O'Neal sees encouraging signs after discouraging year

O'Neal sees encouraging signs after discouraging year

By:  Angelia Davis, staff writer
The Greenville News
February 7, 2010

In their 35 years of experience, the board governing O'Neal Inc., a Greenville-based integrated design and construction firm, couldn't recall when their industry went from ¬"feast to famine.¬" Then came 2009 and with it, some of the toughest challenges yet for many construction and engineering firms, including O'Neal.

Jeffrey Hall, O'Neal's vice president of business development, said the company specializes in delivering capital projects worldwide in a variety of industries, including automotive, manufacturing, pharmaceuticals/biotech, process chemical, energy, pulp and paper.

¬"Over the years, if an industry or two was down, other industries would either be up or maintaining, whereas this past year it came to a screeching halt across the board,¬" he said. ¬"Just about every industry was impacted so it had an impact on us.¬" Kevin Bean, O'Neal's president and chief executive officer, said leading up to 2009, ¬"everyone knew there was going to be a recession and we put contingency plans together.

¬"What was most difficult was the timing and how quick it actually affected our industry,¬" he said. ¬"It just stopped.¬"

O'Neal is being pulled forward today with positive momentum and one of the strongest backlogs the company has ever had. ¬"We've had a string of recent project wins and we are very encouraged by the number of prospects we're seeing,¬" Bean said.

The employee-owned company was recently awarded the contract to construct FitesaFiberweb's plant expansion in Simpsonville. FitesaFiberweb Simpsonville Inc. is a joint venture between Fiberweb PLC, a manufacturer of specialty nonwoven materials, and Petropar, a Brazilian industrial company. The joint venture's nonwoven fabric will be used mostly in disposable diapers.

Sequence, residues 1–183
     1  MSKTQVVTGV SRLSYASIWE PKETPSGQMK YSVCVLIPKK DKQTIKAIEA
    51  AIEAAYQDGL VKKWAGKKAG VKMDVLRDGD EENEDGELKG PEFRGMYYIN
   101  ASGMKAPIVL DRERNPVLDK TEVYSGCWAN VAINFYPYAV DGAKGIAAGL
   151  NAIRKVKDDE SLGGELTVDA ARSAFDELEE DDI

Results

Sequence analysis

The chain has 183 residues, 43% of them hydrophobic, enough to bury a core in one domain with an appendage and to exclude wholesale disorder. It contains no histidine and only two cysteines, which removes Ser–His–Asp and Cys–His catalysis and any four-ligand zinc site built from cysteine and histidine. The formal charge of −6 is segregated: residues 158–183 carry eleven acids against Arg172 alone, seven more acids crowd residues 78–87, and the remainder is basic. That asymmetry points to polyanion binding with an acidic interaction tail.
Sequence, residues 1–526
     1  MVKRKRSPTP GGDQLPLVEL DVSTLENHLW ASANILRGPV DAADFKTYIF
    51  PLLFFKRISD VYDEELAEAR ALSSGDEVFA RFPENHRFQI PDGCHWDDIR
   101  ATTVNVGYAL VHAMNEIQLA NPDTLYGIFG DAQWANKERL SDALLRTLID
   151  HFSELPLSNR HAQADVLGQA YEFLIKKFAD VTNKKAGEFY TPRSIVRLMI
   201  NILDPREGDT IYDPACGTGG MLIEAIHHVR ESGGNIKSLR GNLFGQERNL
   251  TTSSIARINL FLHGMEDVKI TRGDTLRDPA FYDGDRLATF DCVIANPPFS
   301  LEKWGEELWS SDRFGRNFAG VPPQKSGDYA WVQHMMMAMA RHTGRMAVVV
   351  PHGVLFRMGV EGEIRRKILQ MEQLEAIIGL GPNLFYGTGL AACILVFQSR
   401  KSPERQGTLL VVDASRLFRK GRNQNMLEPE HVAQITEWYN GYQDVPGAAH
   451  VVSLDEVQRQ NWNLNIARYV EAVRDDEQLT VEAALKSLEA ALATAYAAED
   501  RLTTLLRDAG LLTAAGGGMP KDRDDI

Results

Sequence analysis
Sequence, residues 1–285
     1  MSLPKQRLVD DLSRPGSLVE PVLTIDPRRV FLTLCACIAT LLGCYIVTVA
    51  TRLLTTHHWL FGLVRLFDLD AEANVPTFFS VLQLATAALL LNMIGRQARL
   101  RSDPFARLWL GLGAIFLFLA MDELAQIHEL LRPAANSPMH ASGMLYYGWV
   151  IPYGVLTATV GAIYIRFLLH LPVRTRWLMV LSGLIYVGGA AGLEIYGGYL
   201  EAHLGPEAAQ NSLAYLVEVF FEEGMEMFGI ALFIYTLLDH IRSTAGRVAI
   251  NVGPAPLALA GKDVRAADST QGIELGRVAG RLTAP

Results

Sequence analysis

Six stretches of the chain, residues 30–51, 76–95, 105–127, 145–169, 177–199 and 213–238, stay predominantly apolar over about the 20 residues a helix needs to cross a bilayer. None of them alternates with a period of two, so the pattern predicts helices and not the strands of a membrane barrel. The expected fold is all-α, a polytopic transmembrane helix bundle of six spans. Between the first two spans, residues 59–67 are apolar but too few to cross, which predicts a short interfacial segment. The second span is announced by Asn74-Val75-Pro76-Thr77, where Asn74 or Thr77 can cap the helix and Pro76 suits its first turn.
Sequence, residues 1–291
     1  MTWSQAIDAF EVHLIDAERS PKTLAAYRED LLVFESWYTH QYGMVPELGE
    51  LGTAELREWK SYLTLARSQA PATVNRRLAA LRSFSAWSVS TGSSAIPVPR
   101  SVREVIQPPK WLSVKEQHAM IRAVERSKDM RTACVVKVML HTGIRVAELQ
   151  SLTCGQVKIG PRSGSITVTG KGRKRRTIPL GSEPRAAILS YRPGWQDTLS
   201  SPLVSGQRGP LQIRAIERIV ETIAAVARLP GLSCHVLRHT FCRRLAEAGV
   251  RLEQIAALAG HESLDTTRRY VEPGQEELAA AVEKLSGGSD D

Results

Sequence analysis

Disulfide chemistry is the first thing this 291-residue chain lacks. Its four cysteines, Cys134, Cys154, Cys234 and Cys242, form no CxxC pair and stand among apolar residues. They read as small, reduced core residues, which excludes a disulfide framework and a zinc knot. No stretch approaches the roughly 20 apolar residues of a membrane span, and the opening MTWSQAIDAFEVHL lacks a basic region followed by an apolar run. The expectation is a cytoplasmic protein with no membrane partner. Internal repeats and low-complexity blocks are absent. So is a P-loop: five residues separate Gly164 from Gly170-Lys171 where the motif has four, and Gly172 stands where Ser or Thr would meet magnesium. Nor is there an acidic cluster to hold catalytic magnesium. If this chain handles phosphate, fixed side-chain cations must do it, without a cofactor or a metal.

The company was also chosen to construct a new biorefinery demonstration facility in Georgia ¬- a partnership between Diamond Alternative Energy, a wholly owned subsidiary of Valero Energy Corp., and American Process Inc.

Bean said most of the company's work this year has come from repeat business or existing clients.

During the down period last year, the company kept investing in sales and marketing and ¬"took that opportunity to not necessarily be a victim but to try to promote that it was only going to last for so long,¬" he said. ¬"We basically took that opportunity to get better and to get closer to our clients and the opportunities that were out there,¬" he said. One of the newer opportunities or ¬"emerging markets¬" for O'Neal is alternative energy.

O'Neal was founded in Greenville by Paul O'Neal who has retired but serves on the company's board of directors.

Although O'Neal is employee-owned and private, it's unique in that it's run and has much of the same functions as a public company, Bean said. Company leaders said O'Neal is also special because of its staff, which has an average tenure in the Greenville building alone of about 20 years. The staff, they said, is a source of their optimism going forward.

¬"We definitely leveraged the strength of the team and our employees to get through a difficult year and be able to build enough backlogs to get through 2010,¬" said Judy Castleberry, O'Neal's chief financial officer. ¬"We've got the right people to move this company forward,¬" she said.

Much like its mountain views from the third story corporate headquarters on Falcon Crest Drive off Pleasantburg Drive, the company's sites are way beyond the city limits of Greenville. It has offices in Atlanta and Raleigh and projects throughout the United States.

O'Neal has its signature locally on such works as the performance and delivery center at BMW; the BMW IT Research Center, the first building on the CU-ICAR campus; and a 75,000-square-foot expansion at GE Gas Turbines.

O'Neal has other projects here that many drive by every day. ¬"They don't get the coverage of some of the other high-profile jobs, but they're just as important to our owners to drive the local economy or the regional economy,¬" he said.

Also important are the charitable efforts taken on by O'Neal employees. The company recently broke ground on a new donated elevator for the Miracle Hill Shepherd's Gate shelter. The company's donation of design and construction management services, along with other contributions from other donors for the subcontractors and material costs, total more than $200,000.

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